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Reproducibility of optic disk evaluation in supine subjects with a Heidelberg Retina Tomograph II laser tomographic scanner

Authors Harada Y, Akita T, Takenaka J, Nakamura-Kadohiro Y, Tanaka J, Kiuchi Y

Received 23 April 2016

Accepted for publication 17 June 2016

Published 24 August 2016 Volume 2016:10 Pages 1617—1622

DOI https://doi.org/10.2147/OPTH.S111250

Checked for plagiarism Yes

Review by Single-blind

Peer reviewers approved by Dr Amy Norman

Peer reviewer comments 2

Editor who approved publication: Dr Scott Fraser


Yosuke Harada,1 Tomoyuki Akita,2 Joji Takenaka,1 Yuko Nakamura-Kadohiro,1 Junko Tanaka,2 Yoshiaki Kiuchi1

1Department of Ophthalmology and Visual Science, Graduate School of Biomedical Sciences, 2Department of Epidemiology, Infectious Disease Control and Prevention, Institute of Biomedical and Health Sciences, Hiroshima University, Hiroshima, Japan

Aim: The aim of this study was to determine the reproducibility and reliability of optic disk evaluation in supine subjects with a Heidelberg Retina Tomograph II (HRT II).
Methods: One eye was randomly selected for evaluation by HRT II in each of eleven healthy subjects. Five images were obtained by each of two experienced operators at two separate visits with the subjects in both sitting and supine positions. A stand was constructed to allow stable, handheld operation of the HRT II head for imaging of the supine subjects. Measurements of optic disk parameters obtained in the supine position were compared with those obtained in the sitting position. The reliability of measurements in the supine position was evaluated by calculating both the coefficients of variation for measurements made by one observer on the first visit and the interobserver and intervisit intraclass correlation coefficients (ICCs); the values obtained were compared with those obtained for the sitting position.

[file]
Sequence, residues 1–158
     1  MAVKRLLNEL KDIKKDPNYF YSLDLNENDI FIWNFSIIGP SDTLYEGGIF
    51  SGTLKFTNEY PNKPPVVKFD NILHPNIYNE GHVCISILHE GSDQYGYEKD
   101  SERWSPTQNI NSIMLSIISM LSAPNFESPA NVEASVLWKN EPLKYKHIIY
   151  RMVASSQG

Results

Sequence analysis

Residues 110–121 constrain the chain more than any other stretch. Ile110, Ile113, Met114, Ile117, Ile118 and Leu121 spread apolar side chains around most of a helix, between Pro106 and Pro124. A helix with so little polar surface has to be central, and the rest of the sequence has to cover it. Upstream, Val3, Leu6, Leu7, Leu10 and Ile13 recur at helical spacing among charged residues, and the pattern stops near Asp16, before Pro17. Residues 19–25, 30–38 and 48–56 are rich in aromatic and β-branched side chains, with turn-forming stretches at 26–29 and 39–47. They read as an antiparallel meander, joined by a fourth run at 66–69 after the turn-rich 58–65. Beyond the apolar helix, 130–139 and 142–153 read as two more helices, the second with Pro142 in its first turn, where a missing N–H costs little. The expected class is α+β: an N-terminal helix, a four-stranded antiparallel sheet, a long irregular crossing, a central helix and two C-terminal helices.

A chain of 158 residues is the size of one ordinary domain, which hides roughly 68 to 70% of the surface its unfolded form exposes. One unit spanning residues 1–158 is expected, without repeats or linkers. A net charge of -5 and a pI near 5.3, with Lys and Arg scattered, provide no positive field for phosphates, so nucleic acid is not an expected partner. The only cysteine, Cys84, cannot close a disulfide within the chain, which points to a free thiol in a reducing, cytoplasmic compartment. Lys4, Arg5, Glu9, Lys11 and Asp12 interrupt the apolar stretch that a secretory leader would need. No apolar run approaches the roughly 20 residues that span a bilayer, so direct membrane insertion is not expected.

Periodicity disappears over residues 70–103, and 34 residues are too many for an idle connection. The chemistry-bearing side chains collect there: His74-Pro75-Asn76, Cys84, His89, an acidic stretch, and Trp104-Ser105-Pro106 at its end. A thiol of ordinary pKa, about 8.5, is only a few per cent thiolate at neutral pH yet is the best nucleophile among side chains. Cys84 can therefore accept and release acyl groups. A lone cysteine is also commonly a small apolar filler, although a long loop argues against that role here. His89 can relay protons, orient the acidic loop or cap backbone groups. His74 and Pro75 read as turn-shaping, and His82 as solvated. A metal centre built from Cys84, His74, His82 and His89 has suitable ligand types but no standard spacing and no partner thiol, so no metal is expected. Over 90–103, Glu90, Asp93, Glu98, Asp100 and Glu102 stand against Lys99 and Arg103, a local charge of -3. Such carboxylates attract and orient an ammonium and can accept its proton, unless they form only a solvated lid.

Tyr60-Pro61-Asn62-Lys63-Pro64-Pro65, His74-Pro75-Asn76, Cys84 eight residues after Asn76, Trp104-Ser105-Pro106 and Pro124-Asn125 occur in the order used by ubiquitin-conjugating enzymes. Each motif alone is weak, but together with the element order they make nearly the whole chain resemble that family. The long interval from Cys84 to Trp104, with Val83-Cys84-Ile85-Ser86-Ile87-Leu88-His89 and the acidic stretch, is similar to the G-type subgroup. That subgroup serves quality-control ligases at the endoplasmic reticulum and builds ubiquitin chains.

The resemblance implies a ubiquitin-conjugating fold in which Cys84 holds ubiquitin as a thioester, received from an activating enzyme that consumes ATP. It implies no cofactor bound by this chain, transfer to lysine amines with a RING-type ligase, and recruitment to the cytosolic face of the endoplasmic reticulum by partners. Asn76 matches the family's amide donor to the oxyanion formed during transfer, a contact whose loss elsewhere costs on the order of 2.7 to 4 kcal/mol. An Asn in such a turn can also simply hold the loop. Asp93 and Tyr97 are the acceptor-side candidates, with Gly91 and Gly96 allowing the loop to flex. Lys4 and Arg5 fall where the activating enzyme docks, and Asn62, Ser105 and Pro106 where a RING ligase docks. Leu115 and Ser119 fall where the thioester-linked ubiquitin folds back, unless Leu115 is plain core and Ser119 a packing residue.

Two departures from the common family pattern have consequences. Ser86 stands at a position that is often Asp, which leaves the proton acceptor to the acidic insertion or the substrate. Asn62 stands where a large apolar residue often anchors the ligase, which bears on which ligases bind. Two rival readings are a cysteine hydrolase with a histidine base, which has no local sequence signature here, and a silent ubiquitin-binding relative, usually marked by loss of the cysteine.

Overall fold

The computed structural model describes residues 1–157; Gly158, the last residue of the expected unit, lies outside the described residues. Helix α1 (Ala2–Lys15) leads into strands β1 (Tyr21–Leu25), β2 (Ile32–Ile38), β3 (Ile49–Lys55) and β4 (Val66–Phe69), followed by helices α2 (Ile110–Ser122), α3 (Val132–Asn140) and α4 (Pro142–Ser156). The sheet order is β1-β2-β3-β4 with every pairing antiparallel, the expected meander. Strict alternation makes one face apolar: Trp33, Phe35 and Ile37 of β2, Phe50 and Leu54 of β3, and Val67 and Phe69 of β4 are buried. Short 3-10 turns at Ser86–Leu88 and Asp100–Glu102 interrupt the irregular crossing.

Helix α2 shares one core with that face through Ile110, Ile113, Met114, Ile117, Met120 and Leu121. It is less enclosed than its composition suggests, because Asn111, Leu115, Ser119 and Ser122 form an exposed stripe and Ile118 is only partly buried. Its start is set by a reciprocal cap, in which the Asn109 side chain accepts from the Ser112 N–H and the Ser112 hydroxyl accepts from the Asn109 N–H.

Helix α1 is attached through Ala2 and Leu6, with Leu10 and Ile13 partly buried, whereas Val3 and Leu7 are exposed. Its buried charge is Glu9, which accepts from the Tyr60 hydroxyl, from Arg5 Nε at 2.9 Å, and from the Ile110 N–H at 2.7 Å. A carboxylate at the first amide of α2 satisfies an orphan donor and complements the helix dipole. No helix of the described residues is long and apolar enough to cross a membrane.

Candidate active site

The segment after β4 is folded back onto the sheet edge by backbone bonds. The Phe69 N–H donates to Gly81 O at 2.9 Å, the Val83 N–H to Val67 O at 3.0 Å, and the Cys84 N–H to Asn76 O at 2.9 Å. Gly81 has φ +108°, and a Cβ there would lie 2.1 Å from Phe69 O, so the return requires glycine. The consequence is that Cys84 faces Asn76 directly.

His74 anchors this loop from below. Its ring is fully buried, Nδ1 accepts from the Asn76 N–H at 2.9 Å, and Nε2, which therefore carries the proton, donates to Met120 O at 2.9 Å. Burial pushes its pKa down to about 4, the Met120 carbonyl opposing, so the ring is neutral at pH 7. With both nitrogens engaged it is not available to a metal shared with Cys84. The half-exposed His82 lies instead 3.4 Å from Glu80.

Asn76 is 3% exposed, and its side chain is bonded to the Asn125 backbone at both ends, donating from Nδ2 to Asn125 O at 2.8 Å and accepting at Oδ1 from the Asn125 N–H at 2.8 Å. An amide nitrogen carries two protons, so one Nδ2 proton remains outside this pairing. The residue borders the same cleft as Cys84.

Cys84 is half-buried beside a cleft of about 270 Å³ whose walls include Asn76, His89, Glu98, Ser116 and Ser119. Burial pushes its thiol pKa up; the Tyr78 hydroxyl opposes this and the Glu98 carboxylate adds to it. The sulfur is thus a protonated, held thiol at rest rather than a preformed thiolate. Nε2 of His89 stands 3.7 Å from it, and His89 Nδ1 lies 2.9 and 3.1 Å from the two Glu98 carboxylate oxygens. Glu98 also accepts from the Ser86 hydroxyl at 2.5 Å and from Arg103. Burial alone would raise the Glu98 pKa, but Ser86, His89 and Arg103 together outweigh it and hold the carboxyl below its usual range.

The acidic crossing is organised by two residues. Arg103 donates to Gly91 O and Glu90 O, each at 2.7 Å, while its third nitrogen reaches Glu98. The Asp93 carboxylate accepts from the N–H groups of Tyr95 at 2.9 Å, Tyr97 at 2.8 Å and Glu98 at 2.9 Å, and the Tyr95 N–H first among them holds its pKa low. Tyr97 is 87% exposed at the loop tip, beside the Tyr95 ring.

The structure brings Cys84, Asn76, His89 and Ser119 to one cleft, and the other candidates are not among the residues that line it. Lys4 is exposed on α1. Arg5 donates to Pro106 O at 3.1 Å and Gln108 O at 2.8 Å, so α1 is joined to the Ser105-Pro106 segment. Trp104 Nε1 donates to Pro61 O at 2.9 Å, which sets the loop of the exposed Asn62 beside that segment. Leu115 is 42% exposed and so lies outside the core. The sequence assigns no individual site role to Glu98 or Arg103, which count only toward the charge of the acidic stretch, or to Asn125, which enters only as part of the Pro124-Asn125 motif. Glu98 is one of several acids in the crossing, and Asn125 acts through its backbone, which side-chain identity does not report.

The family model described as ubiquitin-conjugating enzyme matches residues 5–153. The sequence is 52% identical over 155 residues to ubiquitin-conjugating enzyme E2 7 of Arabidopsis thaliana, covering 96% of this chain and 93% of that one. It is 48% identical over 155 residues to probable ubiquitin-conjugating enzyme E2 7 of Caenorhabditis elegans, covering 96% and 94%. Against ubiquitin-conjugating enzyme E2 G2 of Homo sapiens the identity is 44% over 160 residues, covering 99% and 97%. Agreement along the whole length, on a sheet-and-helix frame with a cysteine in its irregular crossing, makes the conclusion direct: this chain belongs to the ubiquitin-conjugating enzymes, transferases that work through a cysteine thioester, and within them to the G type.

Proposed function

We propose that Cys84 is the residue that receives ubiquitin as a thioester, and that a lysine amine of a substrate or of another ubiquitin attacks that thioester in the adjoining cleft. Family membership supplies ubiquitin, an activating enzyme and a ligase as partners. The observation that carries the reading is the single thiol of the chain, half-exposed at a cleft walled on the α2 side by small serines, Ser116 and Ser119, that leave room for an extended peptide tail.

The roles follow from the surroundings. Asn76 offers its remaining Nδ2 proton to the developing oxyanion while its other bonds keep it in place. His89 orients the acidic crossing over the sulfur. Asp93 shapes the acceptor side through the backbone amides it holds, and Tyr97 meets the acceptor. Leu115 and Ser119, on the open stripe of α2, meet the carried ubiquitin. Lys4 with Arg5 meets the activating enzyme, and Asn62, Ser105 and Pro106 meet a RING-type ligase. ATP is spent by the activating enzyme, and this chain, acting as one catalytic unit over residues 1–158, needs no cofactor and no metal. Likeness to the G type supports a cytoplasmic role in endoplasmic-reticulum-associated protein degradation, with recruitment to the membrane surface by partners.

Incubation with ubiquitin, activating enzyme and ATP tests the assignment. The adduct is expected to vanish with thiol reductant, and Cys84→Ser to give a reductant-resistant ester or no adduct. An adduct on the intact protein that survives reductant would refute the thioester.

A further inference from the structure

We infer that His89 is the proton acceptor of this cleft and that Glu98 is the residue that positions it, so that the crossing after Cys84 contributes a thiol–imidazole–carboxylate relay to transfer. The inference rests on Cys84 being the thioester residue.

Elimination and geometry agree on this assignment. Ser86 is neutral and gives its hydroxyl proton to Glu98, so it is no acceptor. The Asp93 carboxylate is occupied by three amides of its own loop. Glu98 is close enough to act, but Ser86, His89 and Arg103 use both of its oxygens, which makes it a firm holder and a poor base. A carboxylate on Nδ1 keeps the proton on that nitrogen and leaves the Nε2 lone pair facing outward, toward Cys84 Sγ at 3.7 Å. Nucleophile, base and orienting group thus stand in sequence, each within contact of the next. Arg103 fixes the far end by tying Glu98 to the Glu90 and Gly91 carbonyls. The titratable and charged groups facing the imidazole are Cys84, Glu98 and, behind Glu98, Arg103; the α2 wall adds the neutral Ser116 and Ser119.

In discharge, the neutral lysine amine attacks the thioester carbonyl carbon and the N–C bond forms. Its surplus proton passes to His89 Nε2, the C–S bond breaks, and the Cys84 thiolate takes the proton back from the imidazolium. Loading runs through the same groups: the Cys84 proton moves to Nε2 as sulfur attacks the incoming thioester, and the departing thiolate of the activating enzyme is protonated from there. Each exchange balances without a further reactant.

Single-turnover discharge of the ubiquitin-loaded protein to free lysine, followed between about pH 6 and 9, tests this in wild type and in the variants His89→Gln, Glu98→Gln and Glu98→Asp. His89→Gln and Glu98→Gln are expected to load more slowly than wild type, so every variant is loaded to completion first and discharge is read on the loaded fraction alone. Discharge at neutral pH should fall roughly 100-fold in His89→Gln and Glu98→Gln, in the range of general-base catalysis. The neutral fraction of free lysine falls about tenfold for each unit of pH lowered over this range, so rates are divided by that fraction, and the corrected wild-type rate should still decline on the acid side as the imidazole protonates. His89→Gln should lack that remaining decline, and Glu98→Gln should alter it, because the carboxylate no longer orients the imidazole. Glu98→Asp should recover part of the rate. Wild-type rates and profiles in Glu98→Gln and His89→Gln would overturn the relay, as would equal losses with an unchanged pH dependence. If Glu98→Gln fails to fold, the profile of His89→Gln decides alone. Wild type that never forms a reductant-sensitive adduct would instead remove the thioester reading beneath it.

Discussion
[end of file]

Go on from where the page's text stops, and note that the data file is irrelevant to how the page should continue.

Results: Measurements of all parameters made in the supine position were highly similar to those made in the sitting position. The coefficients of variation obtained for each parameter in the sitting and supine positions ranged from 5.67% to 14.16% and from 2.18% to 16.08%, respectively. The interobserver ICC values in the sitting and supine positions were ≥0.978 and ≥0.989, respectively. The intervisit ICC values in the sitting and supine positions were ≥0.958 and ≥0.983, respectively.
Conclusion: Handheld operation of the HRT II in a custom-designed stand is feasible for optic disk evaluation in the supine subjects who were not able to maintain the sitting position.

Keywords: glaucoma, optic disk evaluation, supine position, Heidelberg retina tomograph

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